The subpoena demands the name of the user who uploaded the first episode of the new season of 24 before it was aired on TV and 12 episodes of The Simpsons. It was filed on 18 January in the US District Court for the Northern District of California.
The clips were posted by a subscriber identified as ECOtotal and it is suspected that they either work in the studio or are a member of the press who received preview copies of the shows.
Video site LiveDigital was also found to have the same material uploaded by a user called Jorge Romero, and has been included in the subpoena.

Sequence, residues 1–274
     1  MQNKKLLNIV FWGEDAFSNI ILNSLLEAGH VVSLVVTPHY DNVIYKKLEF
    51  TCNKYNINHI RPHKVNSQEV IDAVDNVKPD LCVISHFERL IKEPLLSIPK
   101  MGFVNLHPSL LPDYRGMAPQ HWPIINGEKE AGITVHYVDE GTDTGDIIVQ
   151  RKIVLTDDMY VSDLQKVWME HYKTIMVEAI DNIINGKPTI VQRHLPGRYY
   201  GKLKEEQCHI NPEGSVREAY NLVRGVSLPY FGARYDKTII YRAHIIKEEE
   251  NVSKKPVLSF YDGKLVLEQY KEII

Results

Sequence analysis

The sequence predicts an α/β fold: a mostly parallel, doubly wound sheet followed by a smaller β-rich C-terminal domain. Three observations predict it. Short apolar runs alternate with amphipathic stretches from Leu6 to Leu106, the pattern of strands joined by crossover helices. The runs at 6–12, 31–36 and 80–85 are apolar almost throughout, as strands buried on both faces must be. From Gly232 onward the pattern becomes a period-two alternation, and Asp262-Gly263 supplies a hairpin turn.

The material has now been taken down from both sites.
20th Century Fox has already had privacy issues involving Google-owned YouTube when a user was identified in a case in which a Family Guyepisode was posted ahead of its premiere.
The issue has sparked concern among entertainment companies and there is a debate about whether video-sharing sites should be financially accountable.
Meanwhile, YouTube has said it will start to share revenues with amateur videographers in a bid to increase the level of creativity on the site.
Speaking at the World Economic Forum at Davos, YouTube co-founder Chad Hurley said: 'We are getting an audience large enough where we have an opportunity to support creativity, to foster creativity through sharing revenue with our users. So in the coming months we are going to be opening that up.'